They also want to pair the right individual puppy with your family. Each puppy has its own individual personality and traits. Some are more active, while others are calmer. Some are more dominant, while others are more submissive. Matching the right puppy to the right person takes an experienced person. Getting the right breed but the wrong puppy can make for a very unhappy owner.

One of the most important things to never do is to buy from a store or anywhere where you cannot talk to the individual breeder. Also, if they are willing to sell to just anyone that has the right dollar figure, do not buy from them. If they are not interrogating you, they are just in it for the money, not for the betterment of the breed.

If they are not doing health clearances, they do not really care about the producing healthy puppies. There are numerous genetic issues in each breed, and responsible breeders want to try their best to make sure they are not increasing these health issues. They want to try to reduce or eliminate these health issues for their breed. Performing health clearances on the parents does not guarantee that these puppies will not have genetic health issues, but it does help to reduce the likelihood.

So, there is a lot involved in locating the right dog for the right person/family. It is not a job to be taken lightly or on an impulse. It could take weeks or even months to find that right match. And it is important to make sure you are matched with just the right puppy for your lifestyle. Getting the wrong dog could prove to be disastrous.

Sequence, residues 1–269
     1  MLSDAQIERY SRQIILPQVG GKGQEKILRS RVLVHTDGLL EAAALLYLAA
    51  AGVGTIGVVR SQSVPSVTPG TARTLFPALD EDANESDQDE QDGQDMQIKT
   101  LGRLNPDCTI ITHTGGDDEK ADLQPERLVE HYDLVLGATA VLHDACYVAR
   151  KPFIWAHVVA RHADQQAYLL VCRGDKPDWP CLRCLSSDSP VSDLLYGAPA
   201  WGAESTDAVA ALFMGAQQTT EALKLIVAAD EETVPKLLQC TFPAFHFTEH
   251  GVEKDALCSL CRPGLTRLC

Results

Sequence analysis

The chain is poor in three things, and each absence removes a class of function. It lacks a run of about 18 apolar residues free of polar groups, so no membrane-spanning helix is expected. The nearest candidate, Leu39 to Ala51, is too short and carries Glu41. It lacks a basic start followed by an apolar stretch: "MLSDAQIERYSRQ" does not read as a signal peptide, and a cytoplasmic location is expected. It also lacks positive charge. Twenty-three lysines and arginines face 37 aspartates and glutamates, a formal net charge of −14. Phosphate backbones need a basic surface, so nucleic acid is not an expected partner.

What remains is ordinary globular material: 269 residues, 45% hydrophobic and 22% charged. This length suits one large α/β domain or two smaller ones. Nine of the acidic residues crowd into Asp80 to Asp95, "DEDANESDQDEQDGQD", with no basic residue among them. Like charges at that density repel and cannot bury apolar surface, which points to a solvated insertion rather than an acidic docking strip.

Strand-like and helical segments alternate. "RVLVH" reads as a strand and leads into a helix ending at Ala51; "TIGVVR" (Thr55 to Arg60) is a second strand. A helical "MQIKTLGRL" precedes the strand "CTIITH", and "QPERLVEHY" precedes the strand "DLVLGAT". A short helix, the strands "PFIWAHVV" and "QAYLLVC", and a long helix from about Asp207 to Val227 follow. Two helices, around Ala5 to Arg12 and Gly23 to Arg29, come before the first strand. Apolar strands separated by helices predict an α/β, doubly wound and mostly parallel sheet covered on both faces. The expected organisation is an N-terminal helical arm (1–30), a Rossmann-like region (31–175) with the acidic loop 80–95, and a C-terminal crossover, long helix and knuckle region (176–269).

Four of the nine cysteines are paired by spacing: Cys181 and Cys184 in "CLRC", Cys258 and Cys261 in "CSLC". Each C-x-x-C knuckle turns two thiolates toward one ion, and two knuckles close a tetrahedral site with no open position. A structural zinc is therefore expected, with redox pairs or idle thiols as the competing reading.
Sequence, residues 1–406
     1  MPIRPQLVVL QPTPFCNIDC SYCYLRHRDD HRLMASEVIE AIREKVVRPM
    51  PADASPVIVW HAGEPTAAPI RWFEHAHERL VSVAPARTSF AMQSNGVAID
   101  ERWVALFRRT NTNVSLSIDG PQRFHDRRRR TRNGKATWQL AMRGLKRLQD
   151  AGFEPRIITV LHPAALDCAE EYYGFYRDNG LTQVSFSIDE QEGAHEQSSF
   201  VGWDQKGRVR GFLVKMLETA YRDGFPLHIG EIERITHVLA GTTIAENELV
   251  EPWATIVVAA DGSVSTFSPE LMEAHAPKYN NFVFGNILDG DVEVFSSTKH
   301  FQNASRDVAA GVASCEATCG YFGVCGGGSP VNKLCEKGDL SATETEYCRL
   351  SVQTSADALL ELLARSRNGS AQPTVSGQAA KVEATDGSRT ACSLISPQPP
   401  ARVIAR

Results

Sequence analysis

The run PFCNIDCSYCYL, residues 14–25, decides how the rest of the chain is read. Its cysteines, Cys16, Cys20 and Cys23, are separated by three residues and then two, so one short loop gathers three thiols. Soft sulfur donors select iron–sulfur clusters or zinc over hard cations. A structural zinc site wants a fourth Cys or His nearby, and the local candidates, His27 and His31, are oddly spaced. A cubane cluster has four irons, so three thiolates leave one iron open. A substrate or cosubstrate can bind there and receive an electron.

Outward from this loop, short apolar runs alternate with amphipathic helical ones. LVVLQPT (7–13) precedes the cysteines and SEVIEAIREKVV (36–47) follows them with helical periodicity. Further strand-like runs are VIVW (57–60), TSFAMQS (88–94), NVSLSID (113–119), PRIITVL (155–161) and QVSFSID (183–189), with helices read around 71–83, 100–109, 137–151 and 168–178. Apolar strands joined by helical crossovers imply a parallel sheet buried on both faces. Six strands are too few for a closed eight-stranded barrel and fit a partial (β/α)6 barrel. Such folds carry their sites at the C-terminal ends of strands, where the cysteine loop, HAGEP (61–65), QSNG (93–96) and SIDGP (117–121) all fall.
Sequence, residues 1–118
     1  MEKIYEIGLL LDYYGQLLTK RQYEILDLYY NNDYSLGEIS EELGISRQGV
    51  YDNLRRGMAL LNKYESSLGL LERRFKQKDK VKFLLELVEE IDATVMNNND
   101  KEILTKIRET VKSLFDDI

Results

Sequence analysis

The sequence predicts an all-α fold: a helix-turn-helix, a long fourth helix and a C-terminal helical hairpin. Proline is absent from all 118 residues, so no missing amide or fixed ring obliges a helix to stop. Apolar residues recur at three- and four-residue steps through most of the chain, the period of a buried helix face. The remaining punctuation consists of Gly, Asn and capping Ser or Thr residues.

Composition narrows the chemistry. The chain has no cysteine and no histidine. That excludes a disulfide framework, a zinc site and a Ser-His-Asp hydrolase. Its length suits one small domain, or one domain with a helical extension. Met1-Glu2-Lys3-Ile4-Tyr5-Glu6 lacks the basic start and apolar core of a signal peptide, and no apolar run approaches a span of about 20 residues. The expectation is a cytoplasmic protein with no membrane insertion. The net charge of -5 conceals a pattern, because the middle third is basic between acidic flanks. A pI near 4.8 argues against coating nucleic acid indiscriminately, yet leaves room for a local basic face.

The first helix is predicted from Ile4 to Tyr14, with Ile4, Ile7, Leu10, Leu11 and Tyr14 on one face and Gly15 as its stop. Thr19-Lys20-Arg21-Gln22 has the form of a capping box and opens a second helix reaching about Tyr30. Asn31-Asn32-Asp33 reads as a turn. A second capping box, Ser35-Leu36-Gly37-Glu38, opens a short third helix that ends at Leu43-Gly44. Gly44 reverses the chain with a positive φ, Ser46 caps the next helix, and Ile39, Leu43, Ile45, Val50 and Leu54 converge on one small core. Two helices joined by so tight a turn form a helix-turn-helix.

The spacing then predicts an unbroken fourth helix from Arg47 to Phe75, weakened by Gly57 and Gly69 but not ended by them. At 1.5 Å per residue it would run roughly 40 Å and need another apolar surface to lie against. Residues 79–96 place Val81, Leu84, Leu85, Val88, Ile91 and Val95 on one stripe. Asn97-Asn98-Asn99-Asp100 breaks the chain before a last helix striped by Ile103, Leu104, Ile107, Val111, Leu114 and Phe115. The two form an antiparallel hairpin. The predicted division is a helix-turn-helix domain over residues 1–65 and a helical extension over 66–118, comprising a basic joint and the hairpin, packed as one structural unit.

So, make sure to do some research, even if you are doing a rescue from a shelter. You want to make sure it is the right breed or mixed-breed for you, and you want to make sure that it is the correct individual puppy/dog for you.

Shelters do not always ask all of the important questions to correctly match you up, so you will need to do more of the research and questioning needed to find that right match. If you do not know all of the questions to ask, find a dog trainer, breeder or other dog knowledgeable person that will help you with that search.

So, take your time. Don’t act on impulse. Ask lots of questions. And, most of all, remember to never buy from anyplace that is selling multiple breeds, mixed-breeds or so called “designer” breeds of dogs/puppies. Designer breeds are nothing more than mixed breeds of dogs.

Places that are selling multiple breeds of dogs are nothing more than puppy mills. They may be cleaner or nicer than the puppy mills you see reported on TV, but they are puppy mills, and if people continue to buy from them, they will continue to produce puppies. It is a supply-and-demand thing. If the demand ceases, the supply will no longer be needed, and they will eventually cease to operate.

Cheryl Loveland is a dog groomer, pet-sitter, dog trainer and fosterer for many unwanted animals. She does rescue work for all types of animals and has owned or fostered most types of domestic animals and many wild ones. She currently resides with her bloodhound, which she has shown in conformation and is currently training for search-and-rescue work. Also residing with her are a bichon frisée, two cats and two birds. She welcomes comments, questions and suggestions for future articles at Remember, she is not an expert: she offers her opinions and suggestions from her experience and research.